Then there is this, imagine waking up one day only to realize that not only do you have the biggest mouth within a five mile radius, but you also have the biggest feet? Your feet are so big that when you go out to a local shop and pick up the XL flip flops your entire big toe is still hanging off the end. And lets not even talk about how big your ass is. You already knew it was bodacious and bubbly, but then you held up a pair of XL pants and realized you might need TWO pairs of those stitched together and they would probably still be snug? And despite the fact that you walk 13KM a day most days and up various San Francisco sized hills, it seems to be getting BIGGER???
Hence, welcome to my life in Japan, where I am officially a giant. This weekend my husband, son, and I went to a teeny little local noodle shop. The owners looked rather perplexed to see us sitting on their little stools hunched over. In a shop where there were only about a dozen stools, we seemed to take up a majority of the space and that included the 8 month pregnant woman sitting behind us. After we paid our bill and were making to leave the elderly noodle matron walked us to the door and continuously mimed “watch your head” to Paul, for fear that he might tear straight through her support beam on the way out. People often stop in the street to stare at him and little girls on the subway hide their faces.
I can’t help but constantly hearing a Godzilla like roar in my head when I walk through a crowded area trying to navigate around people. I also feel like when I sit down on the train a huge crashing sound might occur and the bench may tilt. The people next to me shift ever so slightly to give me enough room. Are they worried that I might eat them? As Westerners we sure do love some good red meat after all?
Of course I am joking, sort of, kind of, to some degree. However, it has been fascinating being the biggest person I see each day. It has also got me thinking about our obesity problems in North America. Living in a country which thrives on small portions and walking and riding bikes everywhere , I take note that literally less than 1% of people I see are even slightly overweight. I suppose good genetics have something to do with it, but it does call into question the sedentary lifestyle most of us lead in North America and those giant restaurant portions. I am as guilty as anyone.
A “typical” Japanese breakfast consists of small portions of rice, grilled fish, miso soup and pickled vegetables. Compare this to eggs, toast, bacon, hash browns, and toast or a big bowl of sugary cereal. It might tell us a few things? Vending machines contain coffee, water, and green tea with no sweetener. Yes, you can get a COKE if you want, but these seem a lot less popular. It truly is “food for thought”.
Do I hope to become “smaller” in my years here? Of course I do. I am a woman, who like, every other woman is never truly happy with their bodies. Sure, I’d love to get back to my smaller self. But the other bad news is, every single dish I run into is chock full of carbohydrates. Noodles. Rice. Mochi. Pancakes. I wonder, if I eat all this instead of the normal salad lunches I am so fond of, will I actually LOSE weight? I truly feel like Alice in Wonderland where black is white and white is black. I am curious how this will all turn out and if drinking the tea is going to solve everything.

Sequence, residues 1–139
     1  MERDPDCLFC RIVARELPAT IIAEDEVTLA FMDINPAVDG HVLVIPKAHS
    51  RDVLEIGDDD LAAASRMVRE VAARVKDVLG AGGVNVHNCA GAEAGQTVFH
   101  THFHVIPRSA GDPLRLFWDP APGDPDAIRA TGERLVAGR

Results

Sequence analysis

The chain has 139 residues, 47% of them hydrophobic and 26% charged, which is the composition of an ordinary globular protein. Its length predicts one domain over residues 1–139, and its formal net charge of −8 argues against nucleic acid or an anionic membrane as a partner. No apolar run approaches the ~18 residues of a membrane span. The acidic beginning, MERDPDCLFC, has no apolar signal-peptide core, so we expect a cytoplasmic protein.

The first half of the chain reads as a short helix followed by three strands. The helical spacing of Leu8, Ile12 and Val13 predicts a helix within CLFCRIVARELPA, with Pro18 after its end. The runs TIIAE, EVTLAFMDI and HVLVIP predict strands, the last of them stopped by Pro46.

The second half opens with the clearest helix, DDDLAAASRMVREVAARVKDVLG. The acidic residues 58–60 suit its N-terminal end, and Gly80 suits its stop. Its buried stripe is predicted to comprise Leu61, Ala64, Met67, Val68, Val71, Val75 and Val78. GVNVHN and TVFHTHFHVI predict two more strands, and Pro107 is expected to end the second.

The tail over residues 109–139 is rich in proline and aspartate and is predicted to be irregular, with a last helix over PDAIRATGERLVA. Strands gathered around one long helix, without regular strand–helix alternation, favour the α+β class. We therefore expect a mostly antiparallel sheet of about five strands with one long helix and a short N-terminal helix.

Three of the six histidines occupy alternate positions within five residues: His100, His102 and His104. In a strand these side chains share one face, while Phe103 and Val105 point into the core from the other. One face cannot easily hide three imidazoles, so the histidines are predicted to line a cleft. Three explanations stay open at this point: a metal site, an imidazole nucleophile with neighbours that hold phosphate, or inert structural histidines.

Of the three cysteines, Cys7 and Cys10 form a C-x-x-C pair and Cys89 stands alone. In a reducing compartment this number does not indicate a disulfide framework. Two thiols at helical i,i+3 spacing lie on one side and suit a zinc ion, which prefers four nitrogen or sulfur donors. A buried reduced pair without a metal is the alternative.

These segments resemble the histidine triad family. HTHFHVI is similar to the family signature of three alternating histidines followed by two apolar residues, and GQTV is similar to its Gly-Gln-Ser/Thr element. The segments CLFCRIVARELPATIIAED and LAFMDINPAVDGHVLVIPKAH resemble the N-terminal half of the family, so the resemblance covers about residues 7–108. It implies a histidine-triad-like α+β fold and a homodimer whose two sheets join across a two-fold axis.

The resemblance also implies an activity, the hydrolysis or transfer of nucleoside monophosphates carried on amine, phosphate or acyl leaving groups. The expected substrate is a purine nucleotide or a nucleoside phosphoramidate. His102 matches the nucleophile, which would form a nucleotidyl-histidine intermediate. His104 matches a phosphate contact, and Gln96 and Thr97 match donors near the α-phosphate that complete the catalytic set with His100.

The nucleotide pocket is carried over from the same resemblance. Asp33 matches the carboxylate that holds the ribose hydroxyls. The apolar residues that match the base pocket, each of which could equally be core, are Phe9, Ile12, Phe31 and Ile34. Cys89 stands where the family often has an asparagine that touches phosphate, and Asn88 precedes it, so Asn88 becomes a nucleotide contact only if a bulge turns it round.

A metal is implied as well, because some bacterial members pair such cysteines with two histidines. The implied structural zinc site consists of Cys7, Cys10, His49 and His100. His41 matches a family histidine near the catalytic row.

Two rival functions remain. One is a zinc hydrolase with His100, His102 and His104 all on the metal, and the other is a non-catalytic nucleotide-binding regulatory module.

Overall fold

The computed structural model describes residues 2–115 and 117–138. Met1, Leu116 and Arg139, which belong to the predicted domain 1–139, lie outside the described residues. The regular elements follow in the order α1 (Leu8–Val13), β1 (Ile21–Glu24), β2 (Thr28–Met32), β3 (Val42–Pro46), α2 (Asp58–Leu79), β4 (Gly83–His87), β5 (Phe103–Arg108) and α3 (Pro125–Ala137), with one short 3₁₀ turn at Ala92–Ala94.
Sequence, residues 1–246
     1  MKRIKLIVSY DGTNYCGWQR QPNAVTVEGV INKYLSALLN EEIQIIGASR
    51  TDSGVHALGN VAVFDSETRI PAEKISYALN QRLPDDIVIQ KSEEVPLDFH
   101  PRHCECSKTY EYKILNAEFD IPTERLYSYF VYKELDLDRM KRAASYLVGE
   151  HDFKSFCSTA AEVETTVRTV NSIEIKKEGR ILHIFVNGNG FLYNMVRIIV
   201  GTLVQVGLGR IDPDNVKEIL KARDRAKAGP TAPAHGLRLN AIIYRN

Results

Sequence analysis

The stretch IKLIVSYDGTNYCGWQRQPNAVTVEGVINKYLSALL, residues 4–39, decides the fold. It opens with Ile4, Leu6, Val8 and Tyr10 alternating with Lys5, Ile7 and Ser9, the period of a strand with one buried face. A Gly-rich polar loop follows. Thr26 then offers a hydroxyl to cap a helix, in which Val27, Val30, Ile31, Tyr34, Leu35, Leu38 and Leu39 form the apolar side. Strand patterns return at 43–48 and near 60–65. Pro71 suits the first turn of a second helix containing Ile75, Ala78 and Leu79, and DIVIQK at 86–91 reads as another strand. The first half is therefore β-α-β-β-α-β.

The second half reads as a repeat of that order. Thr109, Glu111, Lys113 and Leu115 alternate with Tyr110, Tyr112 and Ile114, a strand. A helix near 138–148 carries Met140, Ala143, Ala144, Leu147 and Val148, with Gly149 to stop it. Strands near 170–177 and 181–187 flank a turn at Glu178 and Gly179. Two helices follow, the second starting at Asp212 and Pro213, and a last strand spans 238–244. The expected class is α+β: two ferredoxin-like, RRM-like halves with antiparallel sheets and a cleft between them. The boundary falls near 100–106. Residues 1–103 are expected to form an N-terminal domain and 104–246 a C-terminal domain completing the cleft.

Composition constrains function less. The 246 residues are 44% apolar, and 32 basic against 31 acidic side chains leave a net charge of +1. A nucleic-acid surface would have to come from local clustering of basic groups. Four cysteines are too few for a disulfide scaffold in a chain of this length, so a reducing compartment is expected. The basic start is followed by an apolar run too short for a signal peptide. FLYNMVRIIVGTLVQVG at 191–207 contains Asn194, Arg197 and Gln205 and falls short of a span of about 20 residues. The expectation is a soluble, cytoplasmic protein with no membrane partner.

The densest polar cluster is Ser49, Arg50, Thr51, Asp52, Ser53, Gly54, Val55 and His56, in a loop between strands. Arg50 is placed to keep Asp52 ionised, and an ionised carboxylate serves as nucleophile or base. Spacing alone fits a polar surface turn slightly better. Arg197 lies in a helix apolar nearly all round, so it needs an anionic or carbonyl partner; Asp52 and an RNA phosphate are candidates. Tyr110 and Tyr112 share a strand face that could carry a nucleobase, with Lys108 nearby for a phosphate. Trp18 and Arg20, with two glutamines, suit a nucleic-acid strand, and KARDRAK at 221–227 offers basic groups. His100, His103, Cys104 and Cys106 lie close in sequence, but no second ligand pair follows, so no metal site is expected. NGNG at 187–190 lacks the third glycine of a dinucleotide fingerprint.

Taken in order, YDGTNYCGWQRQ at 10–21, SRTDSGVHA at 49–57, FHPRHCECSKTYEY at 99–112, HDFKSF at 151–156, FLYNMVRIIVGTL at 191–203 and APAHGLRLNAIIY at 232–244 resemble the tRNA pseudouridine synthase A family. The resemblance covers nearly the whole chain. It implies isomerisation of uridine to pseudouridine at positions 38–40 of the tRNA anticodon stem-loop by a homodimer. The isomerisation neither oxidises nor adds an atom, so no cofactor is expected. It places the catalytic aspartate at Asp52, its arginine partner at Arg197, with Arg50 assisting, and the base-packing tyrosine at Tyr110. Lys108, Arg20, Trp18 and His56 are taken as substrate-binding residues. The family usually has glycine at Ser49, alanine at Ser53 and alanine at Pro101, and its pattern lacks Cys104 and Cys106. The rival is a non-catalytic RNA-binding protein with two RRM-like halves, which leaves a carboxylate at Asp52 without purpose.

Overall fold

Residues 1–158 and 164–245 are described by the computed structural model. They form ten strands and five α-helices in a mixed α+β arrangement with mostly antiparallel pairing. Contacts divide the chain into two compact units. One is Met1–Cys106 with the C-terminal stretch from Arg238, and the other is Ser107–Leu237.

The other day I realized that I have no short pants or shorts and I have been sweating profusely in the newly humid weather. I went out to see what I could find, knowing full well that nothing in this country will fit me. I came across a shop that had lovely light cottony drawstring pants. Just looking at them made my body temperature drop at least 10 degrees. And low and behold, they fit me! I scooped up three pairs. Later I put them on , they were so comfortable and cool. Suddenly, I realized that I might be wearing the Japanese version of pajamas. But then again, I might not be? This is the moment I decide I will be “the dumb foreigner” because I will NOT part with wearing these pants.
At the bus stop this morning I was describing the pants to the lovely Japanese women who send their kids to my son’s school. I had them in stitches with my explanation about how I wore them all day wondering if people were staring at me. And they kindly reassured me that Japanese people do not care at all what I wear. That is EXACTLY what they said. Then they asked me if I liked “Jazzercise”.
This got me to thinking about the strange couple I saw this weekend wearing pink animal pajamas with a giant tote full of stuffed animals between them. And then there are the dozens of little bo peeps I’ve seen, the cherry blossom drag queen, the lady I saw in the 100 yen store who was grossly overweight, wearing a pink wig with a tiara and a sparkle dress (she was the 1% but she looked like she was not from here). And what I realized was this, no one was staring (no one except me). No one cared. This was “fine”.
So, perhaps what I realize is this. I am okay. I can be a giant in a land full of tiny people. I can wear pajama bottoms. I can let my flesh hang out if I choose. No one is going to care, and even if they do , they are WAY too polite to talk about it. Bring on the turquoise wig, the tiara, and the little bo peep pants! Momma’s going dancing in her pajamas!